James R. Beeler: Yeah.

Riggins: Yes, yeah.

James R. Beeler: Uh.. and- but he uh..- he worked hard, uh.. always, and uh.. he did a great deal of his painting here in- in the studio room when he was not having classes. And he taught- and he taught not only painting and everything that goes with that, but he did art appreciation also. And uh.. he- he was- he was- he was extremely good, I think, at everything- at everything he did. But we- uh.. we saw a great deal of- of uh.. Claude. He was--

Riggins: That's great, that's a great story.

James R. Beeler: And Nan- Nancy was fond of him, as I was. And uh.. in fact in his last days when uh.. he was ill and I think he saw the end coming, he sent for me to come and uh.. he was in- he was in bad shape then, but cheerful.

Riggins: Wow, that's amazing.

James R. Beeler: But uhm.- uh.. I used to- uh.. I came back and forth on the bus to uh..- eventually to the campus, and- but at first I used to- to ride back downtown with- with Claude. So we had- had a lot of conversations. And we- we knew lots of the same people, and uh.. yeah, he- he knew another generation of Wilmingtonians. So he was not young, and- and not old. I had- I had met the- the old generation before I came to Wilmington, because they- most of them came to uh.. Chapel Hill at some time or other and uh.. I met people who- uh.. from Wilmington who lived in Chapel Hill and they entertained people from- from Wilmington.

Riggins: Right, sure.

James R. Beeler: Uh.. so I heard a lot of the stories before I- I got here.

Riggins: Before you even got here. So you were well prepared.

James R. Beeler: Well uh..- oh informed. Uh.. [laughs] because Wilmingtonians in those days, I don't know about now, but in those days they- felt- felt that it was their place to inform you about Wilmington.

Riggins: About their city.

James R. Beeler: And I was glad to learn. I- I learned a very great deal about Wilmington and- and its history in these- in this anecdotal history. It would- uh.. and oh, I can't- I.. can't tell you how many- many Wilmington people were living in Chapel Hill at the time.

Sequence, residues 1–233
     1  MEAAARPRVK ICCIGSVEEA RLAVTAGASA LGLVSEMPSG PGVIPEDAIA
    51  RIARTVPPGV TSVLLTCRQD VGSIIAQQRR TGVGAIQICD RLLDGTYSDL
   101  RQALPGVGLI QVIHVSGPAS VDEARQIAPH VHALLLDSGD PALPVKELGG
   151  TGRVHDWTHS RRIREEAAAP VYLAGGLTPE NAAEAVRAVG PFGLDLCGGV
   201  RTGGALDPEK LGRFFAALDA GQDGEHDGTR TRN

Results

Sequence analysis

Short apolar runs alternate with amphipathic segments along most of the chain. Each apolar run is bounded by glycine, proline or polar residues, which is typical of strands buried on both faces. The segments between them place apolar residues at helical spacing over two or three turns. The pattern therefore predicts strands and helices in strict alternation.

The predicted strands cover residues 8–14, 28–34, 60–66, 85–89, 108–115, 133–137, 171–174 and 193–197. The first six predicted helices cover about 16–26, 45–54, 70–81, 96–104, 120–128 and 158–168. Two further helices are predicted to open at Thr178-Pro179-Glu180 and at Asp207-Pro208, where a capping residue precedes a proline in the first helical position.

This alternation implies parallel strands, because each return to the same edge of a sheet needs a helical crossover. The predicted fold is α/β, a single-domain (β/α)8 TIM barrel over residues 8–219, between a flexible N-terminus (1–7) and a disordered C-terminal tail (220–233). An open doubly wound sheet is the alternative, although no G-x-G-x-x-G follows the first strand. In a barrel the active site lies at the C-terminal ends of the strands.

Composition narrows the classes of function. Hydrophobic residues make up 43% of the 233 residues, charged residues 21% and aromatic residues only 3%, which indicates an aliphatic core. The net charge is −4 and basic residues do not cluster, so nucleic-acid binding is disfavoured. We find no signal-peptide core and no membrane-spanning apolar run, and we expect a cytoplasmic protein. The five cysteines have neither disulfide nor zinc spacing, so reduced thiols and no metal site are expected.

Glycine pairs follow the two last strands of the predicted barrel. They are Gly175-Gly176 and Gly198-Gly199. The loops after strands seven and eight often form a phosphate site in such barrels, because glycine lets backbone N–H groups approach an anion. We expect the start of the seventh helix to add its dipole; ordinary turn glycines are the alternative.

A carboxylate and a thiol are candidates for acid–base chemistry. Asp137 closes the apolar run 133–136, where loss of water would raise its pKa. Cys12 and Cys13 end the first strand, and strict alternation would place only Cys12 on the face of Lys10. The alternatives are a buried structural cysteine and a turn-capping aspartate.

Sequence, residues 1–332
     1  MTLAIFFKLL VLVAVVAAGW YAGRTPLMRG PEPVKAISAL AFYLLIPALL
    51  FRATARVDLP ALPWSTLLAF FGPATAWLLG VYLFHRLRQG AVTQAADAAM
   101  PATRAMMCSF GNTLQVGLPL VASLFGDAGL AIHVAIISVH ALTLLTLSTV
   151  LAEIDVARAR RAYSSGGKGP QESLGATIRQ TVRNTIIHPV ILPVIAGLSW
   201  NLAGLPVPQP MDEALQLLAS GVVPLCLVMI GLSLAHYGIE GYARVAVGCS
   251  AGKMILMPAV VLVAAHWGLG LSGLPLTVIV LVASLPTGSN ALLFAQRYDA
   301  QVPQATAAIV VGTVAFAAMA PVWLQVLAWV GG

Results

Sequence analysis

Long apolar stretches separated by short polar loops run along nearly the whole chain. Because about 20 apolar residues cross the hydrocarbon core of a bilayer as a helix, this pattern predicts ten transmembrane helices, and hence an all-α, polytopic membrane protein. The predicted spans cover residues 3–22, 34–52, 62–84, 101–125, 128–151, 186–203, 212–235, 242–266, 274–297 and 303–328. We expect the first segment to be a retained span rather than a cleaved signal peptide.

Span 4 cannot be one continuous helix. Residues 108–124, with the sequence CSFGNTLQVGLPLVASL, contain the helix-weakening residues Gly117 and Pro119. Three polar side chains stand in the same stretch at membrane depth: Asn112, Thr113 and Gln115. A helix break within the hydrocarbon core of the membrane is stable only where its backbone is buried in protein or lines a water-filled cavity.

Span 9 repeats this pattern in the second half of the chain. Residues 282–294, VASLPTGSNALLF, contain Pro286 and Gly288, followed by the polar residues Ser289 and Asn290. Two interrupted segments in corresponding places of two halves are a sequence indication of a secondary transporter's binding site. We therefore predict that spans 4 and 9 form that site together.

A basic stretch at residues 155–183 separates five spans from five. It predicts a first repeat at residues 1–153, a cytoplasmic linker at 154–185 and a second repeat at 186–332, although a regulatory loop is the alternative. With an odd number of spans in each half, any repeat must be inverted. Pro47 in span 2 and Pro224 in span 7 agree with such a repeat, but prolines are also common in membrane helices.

Riggins: Oh yeah, well it sounds like--

James R. Beeler: Members of the faculty and- and others, just up there.

Riggins: And students.

James R. Beeler: Because in those days it was a nice place to live and not too expensive. It- uh.. the former president of the university bought an old house that had been owned by the Phillips family, uh.. and had been used as the Presbyterian Rectory for some time, and they had given it up, thought it was too small. Uh.. out- out of feeling for the history of Chapel Hill [laughs], he bought it, he paid a million dollars for it.

Riggins: I remember hearing that- yes, I was surprised.

James R. Beeler: [laughs] He was- he was a very nice man and I was- I was fond of him. He came down to- to Wilmington frequently.

Riggins: Well I think we've covered quite a bit.

James R. Beeler: [laughs]

Riggins: This was wonderful.

James R. Beeler: Are you- are you--? You're- you're not bored?

Riggins: No, no. This was great.

James R. Beeler: I- I must have learned the Wilmington way because I- I have informed you.

Riggins: You have informed me a great deal.

James R. Beeler: [laughs]

Riggins: And I appreciate that.

James R. Beeler: I hope everything is correct and--

Riggins: It is always correct in oral history. That's the importance of it. And I thank you very much, and I will be in touch with you.

James R. Beeler: Well uh.. I meant to tell you that after retirement I asked if I couldn't come to uh- uh.. the Latimer House Archives for a couple of days, uh.. a- week. That was- that was my first job in the Historical Society. But I didn't do anything because there were two women who had already done everything. So- but they're both dead now, and uh..

Riggins: And you're still there.

James R. Beeler: And uh.. their work has come into the collection, which is- is quite large. We from time to time have people there who know how to organize Archives- Merrill Chamberlain, for instance, and others. Uhm.. but uhm.. I have a good memory for- for where things are.

Riggins: That's good. I know LuAnn says you're very important, because you've been there so you just remember where things are.

James R. Beeler: Oh yes. And uh..- and I- I remember people's names.

Riggins: You have an excellent memory.

James R. Beeler: Usually.